Thereafter counsel filed a Petition for Reconsideration of Sentence. A hearing was held on February 24, 1971, at the conclusion of which the sentence was reduced to 15 years under the provisions of § 4208(a)(2).
The sentence and the amended sentence were imposed prior to the adoption of the 1973 Parole Guidelines, thus petitioner meets one of the requirements for § 2255 relief, but he fails completely in establishing the other, i.e., frustration of the sentencing judge's intent and expectation in imposing the (a)(2) sentence. The 20 pages of colloquy at the hearing on the Petition for Reconsideration of Sentence makes it abundantly clear that everyone, the court, counsel and the defendant himself, fully expected that, in view of the seriousness of the crime and his extensive prior record, Myles would likely serve the maximum time less mandatory good time earned. A few excerpts from the transcript of the February 24, 1971 hearing, set forth in the Appendix attached hereto, demonstrate that beyond question.
To dispel any possible remaining doubt as to my intent, as the sentencing judge, in making the sentence subject to the provisions of § 4208(a)(2), I state now my reasons.
Over the years, in almost all instances in which I imposed a lengthy prison sentence, I made it subject to § 4208(a)(2). This was done because obviously I could not safely predict the defendant's future conduct. The Parole Board, on the other hand, would have the benefit of the defendant-prisoner's actual institutional conduct and performance. Making the sentence subject to (a)(2) was not intended as a prediction that the person so sentenced would merit early parole consideration, it was designed only to remove the legal impediment to early parole consideration in the event (however unlikely that might appear at time of sentencing) that the prisoner might demonstrate a remarkable transformation, an outstanding degree of rehabilitation, while in custody.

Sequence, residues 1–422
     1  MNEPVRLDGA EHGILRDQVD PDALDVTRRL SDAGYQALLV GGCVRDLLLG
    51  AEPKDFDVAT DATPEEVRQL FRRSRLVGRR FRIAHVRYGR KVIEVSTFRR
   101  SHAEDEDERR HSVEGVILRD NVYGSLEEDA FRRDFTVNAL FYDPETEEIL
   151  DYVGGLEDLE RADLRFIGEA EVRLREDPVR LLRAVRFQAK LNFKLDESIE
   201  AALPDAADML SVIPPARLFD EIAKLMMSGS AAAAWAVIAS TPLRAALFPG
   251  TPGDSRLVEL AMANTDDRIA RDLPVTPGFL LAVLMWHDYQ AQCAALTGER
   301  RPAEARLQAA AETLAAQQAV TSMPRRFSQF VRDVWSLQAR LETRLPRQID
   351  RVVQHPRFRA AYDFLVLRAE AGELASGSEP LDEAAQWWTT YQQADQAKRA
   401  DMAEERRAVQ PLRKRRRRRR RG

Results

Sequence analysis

Along with many other judges, I have been disappointed with the Parole Board's apparent failure to make meaningful use of the flexibility afforded by (a)(2) sentences, but I cannot fault it for failing to use it in this specific case. In any event, even if I were to disagree with its judgment in this case (which, I repeat, I do not), such disagreement would not empower me, under the guise of § 2255 relief, to substitute my judgment for that of the Parole Board. See United States v. Somers, 552 F.2d 108 (3d Cir., 1977).
ALFRED L. LUONGO / J.
This 14th day of March, 1977, it appearing conclusively from the files and records that petitioner is entitled to no relief, it is
ORDERED that the Motion of Herbert Myles for Relief under 28 U.S.C. § 2255 is DENIED without hearing.
ALFRED L. LUONGO / J.
Excerpts from Transcript of Hearing on Petition for Reconsideration of Sentence February 24, 1971.
"MR. HELLER: * * *